Deputies with the Delaware County Sheriff’s Department will be outfitted with body cameras as part of a new surveillance program deployed this week.
“I’m a total advocate of the body cam,” Sheriff Craig DuMond said. “It’s an excellent resource to maintain the integrity of what we do and to maintain complete transparency with the public.”
Body cameras, also known as body-worn cameras, are worn on the chests of law enforcement officers as part of their regular uniforms and used to document what they see while performing their duties.
The department budgeted approximately $10,500 for 15 cameras to be worn by patrol deputies, according to DuMond, who said he plans to eventually expand the program to outfit deputies throughout the department.
The cameras will not be recording at all times, but will document most interactions with the public, from routine traffic stops to more serious investigations, DuMond said.
The devices are programmed to begin recording when the emergency lights on a patrol car are activated, and will also record when deputies take witness statements.
The road patrol lieutenant will have access to the footage, which may be reviewed periodically for performance evaluation and can also be presented as evidence in court cases, DuMond said.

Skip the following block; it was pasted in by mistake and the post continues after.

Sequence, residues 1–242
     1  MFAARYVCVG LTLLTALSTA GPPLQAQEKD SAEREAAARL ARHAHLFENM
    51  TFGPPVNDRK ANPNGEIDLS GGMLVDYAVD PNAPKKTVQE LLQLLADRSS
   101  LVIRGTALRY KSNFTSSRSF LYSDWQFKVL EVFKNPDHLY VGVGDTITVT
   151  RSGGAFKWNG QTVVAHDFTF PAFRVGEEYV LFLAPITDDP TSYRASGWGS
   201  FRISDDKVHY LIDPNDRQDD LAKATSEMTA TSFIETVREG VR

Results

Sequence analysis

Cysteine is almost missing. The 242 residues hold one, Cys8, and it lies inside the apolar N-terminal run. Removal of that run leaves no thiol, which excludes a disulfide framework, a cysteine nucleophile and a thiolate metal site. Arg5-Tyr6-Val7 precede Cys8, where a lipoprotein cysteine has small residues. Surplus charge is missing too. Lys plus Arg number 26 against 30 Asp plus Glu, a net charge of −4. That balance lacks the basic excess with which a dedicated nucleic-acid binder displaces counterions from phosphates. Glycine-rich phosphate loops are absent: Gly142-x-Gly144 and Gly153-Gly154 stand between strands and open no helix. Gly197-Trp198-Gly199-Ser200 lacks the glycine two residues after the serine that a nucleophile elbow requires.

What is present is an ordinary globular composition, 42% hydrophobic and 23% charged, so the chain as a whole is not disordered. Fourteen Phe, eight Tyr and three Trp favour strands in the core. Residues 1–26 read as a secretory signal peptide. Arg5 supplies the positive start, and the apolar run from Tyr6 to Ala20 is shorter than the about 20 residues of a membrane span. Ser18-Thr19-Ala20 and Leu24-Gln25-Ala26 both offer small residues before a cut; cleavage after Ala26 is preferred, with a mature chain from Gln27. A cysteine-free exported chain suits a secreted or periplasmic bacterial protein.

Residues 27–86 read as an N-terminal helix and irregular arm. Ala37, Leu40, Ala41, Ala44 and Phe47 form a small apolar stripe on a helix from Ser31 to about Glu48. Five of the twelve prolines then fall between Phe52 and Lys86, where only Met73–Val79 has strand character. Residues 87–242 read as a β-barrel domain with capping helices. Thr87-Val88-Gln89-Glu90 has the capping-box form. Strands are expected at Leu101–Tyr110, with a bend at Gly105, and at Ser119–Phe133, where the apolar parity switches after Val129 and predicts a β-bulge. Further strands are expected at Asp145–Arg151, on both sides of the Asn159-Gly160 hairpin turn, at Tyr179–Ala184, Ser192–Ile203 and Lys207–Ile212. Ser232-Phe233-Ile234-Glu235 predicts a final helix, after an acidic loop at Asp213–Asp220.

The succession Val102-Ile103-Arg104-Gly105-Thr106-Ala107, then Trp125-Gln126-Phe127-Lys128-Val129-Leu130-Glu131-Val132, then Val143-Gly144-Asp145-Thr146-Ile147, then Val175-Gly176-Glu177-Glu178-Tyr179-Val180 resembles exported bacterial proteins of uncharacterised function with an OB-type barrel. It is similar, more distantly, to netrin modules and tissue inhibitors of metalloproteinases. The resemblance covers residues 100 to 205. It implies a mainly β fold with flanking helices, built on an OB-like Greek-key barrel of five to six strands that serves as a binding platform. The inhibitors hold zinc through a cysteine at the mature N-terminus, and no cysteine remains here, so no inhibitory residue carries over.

“It’s the perfect witness,” he said. “It doesn’t have motivations, it doesn’t take sides — it’s a clear and concise account of the events that took place.”
The footage is "on the side of law enforcement 99% of the time,” DuMond said. Referencing what he described as a national anti-police movement, he said body camera footage has helped to vindicate officers who were the subjects of false or overstated complaints from the public.
A 2017 study sponsored by the National Institute of Justice and conducted with officers from the Las Vegas Metropolitan Police Department found that members of the public submitted fewer complaints of officer misconduct, and the video record protected police from “frivolous” complaints. Officers who wore them more than 14% less likely to be called out in citizen complaints than those who did not, according to the report.
The findings also indicated police are more proactive in preventing crime when wearing cameras. In addition to providing “compelling evidence” to build legal cases, the use of body cameras “largely affirmed and validated positive officer behavior,” according to the study.
The study found that body-worn cameras also reduced use-of-force incidents, yielding significant cost savings when less time and money are spent on investigations. The report estimated net savings per camera-wearing officer to fall between $2,909 and $3,178 annually.
“It’s a win-win situation for everybody — for law enforcement and for the community,” DuMond said. “In these times, you’d be foolish not to have the body cameras.”
Sarah Eames, staff writer, can be reached at email@example.com or 607-441-7213. Follow her @DS_SarahE on Twitter.